OnFocus – Currently, four members of the Marshfield Fire & Rescue Department are out on COVID leave, with one member scheduled to return on November 15.
“Possibly the first person affected the other two,” Acting Chief Pete Fletty told the Marshfield Police & Fire Commission at their Wednesday morning meeting. “We’re kind of trying to do our own contact tracing here. In addition, we have about 20 members quarantined per Wood County Health Department. Being First Responders, we can still work under quarantine as long as the employee doesn’t have symptoms. We’re still encouraging employees that have symptoms to stay home.”
Due to these COVID cases, the department implemented an Emergency Staffing Plan effective as of November 10.
Fletty told OnFocus that the plan is designed to help assure the department has staffing each day to meet the operational needs of the department and to assure the citizens and community are protected.
“We aren’t currently at critical staffing levels, but I wanted to put this plan in place now and be ahead of the game, rather than trying to play catch-up if some of our quarantined staff starts having symptoms associated with COVID-19,” he said.
The Emergency Staffing Plan serves as a guideline for Shift Commanders to follow in case there are a large number of firefighters who cannot work because of contracting Coronavirus.
“The plan includes instructions on a tiered call-in procedure, lifts the restrictions on maximum hours worked from 72 hours to 120 hours, gives the Shift Commander leeway to alter the duty-day should we have a lot of firefighters working multiple days in row, among other things,” explained Fletty.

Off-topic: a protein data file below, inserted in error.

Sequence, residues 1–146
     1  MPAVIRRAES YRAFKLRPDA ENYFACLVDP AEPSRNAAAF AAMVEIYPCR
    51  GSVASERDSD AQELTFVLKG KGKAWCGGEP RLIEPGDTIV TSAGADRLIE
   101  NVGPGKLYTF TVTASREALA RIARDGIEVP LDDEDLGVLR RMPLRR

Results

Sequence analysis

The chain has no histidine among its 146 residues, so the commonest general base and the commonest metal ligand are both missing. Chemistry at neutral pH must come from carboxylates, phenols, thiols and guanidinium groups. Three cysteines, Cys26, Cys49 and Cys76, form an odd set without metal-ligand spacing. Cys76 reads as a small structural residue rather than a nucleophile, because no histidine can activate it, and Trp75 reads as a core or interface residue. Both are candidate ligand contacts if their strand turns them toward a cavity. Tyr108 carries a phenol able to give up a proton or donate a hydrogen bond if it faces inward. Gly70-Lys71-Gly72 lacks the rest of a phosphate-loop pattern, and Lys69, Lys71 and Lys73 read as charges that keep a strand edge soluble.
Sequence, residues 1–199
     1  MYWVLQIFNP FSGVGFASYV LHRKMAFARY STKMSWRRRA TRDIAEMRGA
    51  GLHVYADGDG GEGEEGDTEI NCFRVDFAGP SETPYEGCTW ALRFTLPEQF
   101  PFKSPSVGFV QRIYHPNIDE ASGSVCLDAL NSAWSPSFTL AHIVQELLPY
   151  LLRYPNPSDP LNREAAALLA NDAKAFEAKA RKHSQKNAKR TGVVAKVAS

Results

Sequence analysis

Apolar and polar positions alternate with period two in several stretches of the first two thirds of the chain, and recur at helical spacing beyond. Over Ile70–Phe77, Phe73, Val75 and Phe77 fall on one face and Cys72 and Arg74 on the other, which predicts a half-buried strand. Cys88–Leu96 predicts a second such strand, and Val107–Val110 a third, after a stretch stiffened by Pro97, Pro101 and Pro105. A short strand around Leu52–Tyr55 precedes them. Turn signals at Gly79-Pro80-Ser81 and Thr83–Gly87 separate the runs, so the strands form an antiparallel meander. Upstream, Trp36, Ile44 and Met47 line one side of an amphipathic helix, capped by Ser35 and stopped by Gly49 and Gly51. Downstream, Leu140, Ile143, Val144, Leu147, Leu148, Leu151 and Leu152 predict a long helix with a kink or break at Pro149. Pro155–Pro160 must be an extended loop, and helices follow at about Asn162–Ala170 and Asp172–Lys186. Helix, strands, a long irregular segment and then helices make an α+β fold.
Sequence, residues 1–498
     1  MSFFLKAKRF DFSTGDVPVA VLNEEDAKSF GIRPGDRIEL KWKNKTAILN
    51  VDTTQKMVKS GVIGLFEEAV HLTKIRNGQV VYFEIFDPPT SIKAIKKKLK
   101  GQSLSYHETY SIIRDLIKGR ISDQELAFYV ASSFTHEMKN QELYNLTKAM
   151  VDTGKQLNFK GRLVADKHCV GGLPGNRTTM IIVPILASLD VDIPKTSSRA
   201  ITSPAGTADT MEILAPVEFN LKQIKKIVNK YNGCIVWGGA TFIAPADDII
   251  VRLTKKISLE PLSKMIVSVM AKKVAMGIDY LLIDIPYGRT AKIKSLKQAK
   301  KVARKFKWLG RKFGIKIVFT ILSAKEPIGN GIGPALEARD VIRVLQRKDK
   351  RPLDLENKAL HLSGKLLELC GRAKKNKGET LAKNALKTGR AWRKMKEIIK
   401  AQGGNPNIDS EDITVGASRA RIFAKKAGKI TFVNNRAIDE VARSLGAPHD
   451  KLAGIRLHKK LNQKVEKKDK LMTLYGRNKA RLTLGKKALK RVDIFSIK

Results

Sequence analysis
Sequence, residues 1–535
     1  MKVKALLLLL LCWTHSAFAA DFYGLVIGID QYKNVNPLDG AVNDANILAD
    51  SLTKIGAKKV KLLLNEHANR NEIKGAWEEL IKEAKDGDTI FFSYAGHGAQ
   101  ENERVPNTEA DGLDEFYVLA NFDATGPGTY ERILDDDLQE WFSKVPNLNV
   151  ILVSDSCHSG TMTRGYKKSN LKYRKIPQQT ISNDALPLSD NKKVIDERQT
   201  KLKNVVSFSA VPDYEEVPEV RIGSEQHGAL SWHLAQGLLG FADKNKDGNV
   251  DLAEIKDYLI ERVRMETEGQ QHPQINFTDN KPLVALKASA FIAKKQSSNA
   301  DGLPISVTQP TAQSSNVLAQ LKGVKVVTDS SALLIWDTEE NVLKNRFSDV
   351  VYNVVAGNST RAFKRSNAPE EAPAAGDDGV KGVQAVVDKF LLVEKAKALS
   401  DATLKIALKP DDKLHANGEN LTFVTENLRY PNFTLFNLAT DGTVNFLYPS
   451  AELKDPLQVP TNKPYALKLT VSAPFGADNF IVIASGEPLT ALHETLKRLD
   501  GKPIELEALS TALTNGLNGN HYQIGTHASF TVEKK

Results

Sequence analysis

The department continues to check temperatures daily, implement social distancing, and remain well stocked on PPE. That being said, the public is encouraged to do what they can to protect themselves and others.
“We will always be here to respond to emergencies. The best thing the community can do right now to help us stay safe is to follow Health Department Guidelines – wear your masks, socially distance from one another, and limit gatherings,” said Fletty. “Our ambulance crews have been transporting an increased number of COVID positive patients and/or people with symptoms associated with COVID, especially lately. This has coincided with the recent spike in cases in Central Wisconsin. Additionally, if possible, if you have COVID and are calling for an ambulance, let the dispatcher know so our crews can be sure to have the proper PPE donned upon arrival.”
Fletty said that everyone at the department has been wearing masks at all times while on duty – something he believes has helped reduce spread.
“We have had several firefighters test positive for COVID and have determined they were likely here just prior to having symptoms and were likely shedding the virus; yet, we haven’t seen a dramatic spread of the virus at the fire department even though our firefighters spend full 24 hour days with each other,” he said. “We believe this is largely due to all personnel being required to wear a mask while on duty. Wearing masks, along with social distancing, good hand-washing, and limiting our social gatherings are our best lines of defense against the spread of the virus.”
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